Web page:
Some of Chris’s fondest memories stem from the time he spent taking care of his grandparents. “I would say some of my happiest memories are with my mom and grandparents when I was caring for them. Now that they all have passed, I don’t really have any family left.”
We all start somewhere and end up right where we sit. Where and how Chris landed in the local area experiencing homelessness started with a life change and ended in tragedy. “I was with my girlfriend for 29 years. We were living in a neighboring state. Almost five years ago now, we decided to leave our ranch. The property owner was an asshole so we vacated. We left for this area knowing that we had nothing. We came here, homeless. Then two years ago, she [my girlfriend] got bit by a wood tick. She got really sick and unfortunately, I had to watch her take her last breath on June 11th of 2018. I was heartbroken.”
Chris explained the extent of his homelessness, what keeps him on the streets, and his outlook on his current situation. “I can’t find a job because I have a criminal record which is really hard. I have been doing everything I can to survive. I was born and raised here and I know everybody. I am just waiting for things to come together for me. I need to get working and be in my own home. Every day, I see the chaos and the bullshit that comes with being around other people who are homeless. There is a lot of fighting. I grew up fighting. It was never a good thing, but that’s the way it is around here. I think that comes with the drinking and just the frustration of being homeless. People forget that we are all in the same boat and that being homeless is bad enough. I have been out here [on the streets] for four and a half years and something will come along to pull me out of this rut, but I’ll be damned if I take it out on somebody else.”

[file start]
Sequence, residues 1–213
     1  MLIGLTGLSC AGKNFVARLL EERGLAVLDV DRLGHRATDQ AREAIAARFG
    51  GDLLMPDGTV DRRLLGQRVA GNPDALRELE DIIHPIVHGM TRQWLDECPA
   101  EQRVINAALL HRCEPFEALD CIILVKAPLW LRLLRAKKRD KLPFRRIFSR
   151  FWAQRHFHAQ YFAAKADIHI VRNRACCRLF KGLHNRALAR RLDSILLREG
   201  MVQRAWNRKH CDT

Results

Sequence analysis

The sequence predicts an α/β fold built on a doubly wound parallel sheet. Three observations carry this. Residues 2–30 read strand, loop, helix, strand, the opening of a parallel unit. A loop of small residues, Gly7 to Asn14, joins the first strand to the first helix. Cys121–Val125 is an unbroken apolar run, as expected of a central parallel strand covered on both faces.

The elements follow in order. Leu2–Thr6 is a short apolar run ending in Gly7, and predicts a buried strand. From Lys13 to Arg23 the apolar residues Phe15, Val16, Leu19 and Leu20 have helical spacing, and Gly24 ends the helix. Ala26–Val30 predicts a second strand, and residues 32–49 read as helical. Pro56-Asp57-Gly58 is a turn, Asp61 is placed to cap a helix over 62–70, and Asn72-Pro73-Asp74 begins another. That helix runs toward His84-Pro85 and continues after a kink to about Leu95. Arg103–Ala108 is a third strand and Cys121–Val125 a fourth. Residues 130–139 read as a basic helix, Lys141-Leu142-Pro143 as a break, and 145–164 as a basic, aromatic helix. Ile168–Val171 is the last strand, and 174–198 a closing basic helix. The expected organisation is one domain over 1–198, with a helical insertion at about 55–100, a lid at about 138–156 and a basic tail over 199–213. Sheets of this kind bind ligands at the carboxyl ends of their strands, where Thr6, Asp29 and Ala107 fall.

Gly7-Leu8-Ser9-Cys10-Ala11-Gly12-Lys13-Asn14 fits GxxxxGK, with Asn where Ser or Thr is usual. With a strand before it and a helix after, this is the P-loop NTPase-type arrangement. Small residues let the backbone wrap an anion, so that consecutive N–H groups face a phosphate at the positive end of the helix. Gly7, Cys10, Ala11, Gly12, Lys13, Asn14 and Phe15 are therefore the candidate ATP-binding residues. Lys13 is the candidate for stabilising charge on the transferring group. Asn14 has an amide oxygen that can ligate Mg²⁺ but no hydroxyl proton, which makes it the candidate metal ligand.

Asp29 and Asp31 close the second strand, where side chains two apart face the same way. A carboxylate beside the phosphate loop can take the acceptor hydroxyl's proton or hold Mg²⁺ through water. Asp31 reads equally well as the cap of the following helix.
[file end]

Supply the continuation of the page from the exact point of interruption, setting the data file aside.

Chris holds steadfast to the hope of a bright future for himself and others. “I have been on the priority housing list for three years, but I just have to remember to live day by day and I wish other people could do the same thing. I find happiness being myself. I’m just myself and I do what I need to do in order to survive just like everybody else out here. For me, that’s happiness. I hope that some days I say things and maybe that will help somebody else.”
The final message Chris left us rings true to how he lives his life as a friend, a guide for others, and the calm in many storms. “If you have to be homeless, keep strong morals and keep your hope. Sooner or later things are going to get better. If you are looking at homelessness, don’t look down on people that are homeless. Normally, it’s not anything that they did morally wrong, it’s just given the situation that took place because of life itself. The events of life that took place rendered them homeless. The homeless people are good people, you shouldn’t judge them for their current situation. Talk to them and hear their story before you pass any kind of judgement.”
Author’s Note: We know Chris as someone who brings food to those who cannot walk to the park for a meal, as someone who checks on everyone else before his own needs are met, and someone who is compassionate to those that may not be able to offer anything in return. We think of Chris as a quiet and at times reserved soul. His heart speaks volumes when his words remain silent.
Artist’s Note: Often the stormiest of days and the prettiest sunsets promise a brighter tomorrow. The words Chris shared with us paint a comforting sky after long days. His story reminds us that tomorrow always comes and hope exists on the horizon.